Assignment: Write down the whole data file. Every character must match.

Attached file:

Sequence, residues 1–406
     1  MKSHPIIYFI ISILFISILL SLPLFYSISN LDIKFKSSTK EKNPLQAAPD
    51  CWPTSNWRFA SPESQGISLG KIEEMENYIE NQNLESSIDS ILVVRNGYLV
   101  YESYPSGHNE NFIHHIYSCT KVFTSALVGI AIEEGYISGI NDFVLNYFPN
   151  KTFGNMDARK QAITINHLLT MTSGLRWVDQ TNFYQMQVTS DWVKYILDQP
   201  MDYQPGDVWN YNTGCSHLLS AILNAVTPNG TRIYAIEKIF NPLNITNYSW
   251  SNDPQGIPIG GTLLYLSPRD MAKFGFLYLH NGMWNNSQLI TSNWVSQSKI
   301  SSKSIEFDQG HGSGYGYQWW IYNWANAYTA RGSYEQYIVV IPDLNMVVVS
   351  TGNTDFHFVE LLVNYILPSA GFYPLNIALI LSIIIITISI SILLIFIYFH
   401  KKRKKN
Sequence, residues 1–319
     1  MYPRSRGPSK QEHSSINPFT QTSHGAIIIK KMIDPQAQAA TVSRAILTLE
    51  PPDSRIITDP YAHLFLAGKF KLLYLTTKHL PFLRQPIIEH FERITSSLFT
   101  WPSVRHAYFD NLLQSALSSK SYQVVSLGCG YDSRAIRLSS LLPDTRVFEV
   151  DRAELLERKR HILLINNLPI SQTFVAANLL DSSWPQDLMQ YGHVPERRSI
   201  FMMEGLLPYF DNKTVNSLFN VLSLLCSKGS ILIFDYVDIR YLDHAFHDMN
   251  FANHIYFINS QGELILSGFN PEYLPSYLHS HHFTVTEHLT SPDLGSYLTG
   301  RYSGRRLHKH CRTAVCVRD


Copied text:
Sequence, residues 1–406
     1  MKSHPIIYFI ISILFISILL SLPLFYSISN LDIKFKSSTK EKNPLQAAPD
    51  CWPTSNWRFA SPESQGISLG KIEEMENYIE NQNLESSIDS ILVVRNGYLV
   101  YESYPSGHNE NFIHHIYSCT KVFTSALVGI AIEEGYISGI NDFVLNYFPN
   151  KTFGNMDARK QAITINHLLT MTSGLRWVDQ TNFYQMQVTS DWVKYILDQP
   201  MDYQPGDVWN YNTGCSHLLS AILNAVTPNG TRIYAIEKIF NPLNITNYSW
   251  SNDPQGIPIG GTLLYLSPRD MAKFGFLYLH NGMWNNSQLI TSNWVSQSKI
   301  SSKSIEFDQG HGSGYGYQWW IYNWANAYTA RGSYEQYIVV IPDLNMVVVS
   351  TGNTDFHFVE LLVNYILPSA GFYPLNIALI LSIIIITISI SILLIFIYFH
   401  KKRKKN
Sequence, residues 1–319
     1  MYPRSRGPSK QEHSSINPFT QTSHGAIIIK KMIDPQAQAA TVSRAILTLE
    51  PPDSRIITDP YAHLFLAGKF KLLYLTTKHL PFLRQPIIEH FERITSSLFT
   101  WPSVRHAYFD NLLQSALSSK SYQVVSLGCG YDSRAIRLSS LLPDTRVFEV
   151  DRAELLERKR HILLINNLPI SQTFVAANLL DSSWPQDLMQ YGHVPERRSI
   201  FMMEGLLPYF DNKTVNSLFN VLSLLCSKGS ILIFDYVDIR YLDHAFHDMN
   251  FANHIYFINS QGELILSGFN PEYLPSYLHS HHFTVTEHLT SPDLGSYLTG
   301  RYSGRRLHKH CRTAVCVRD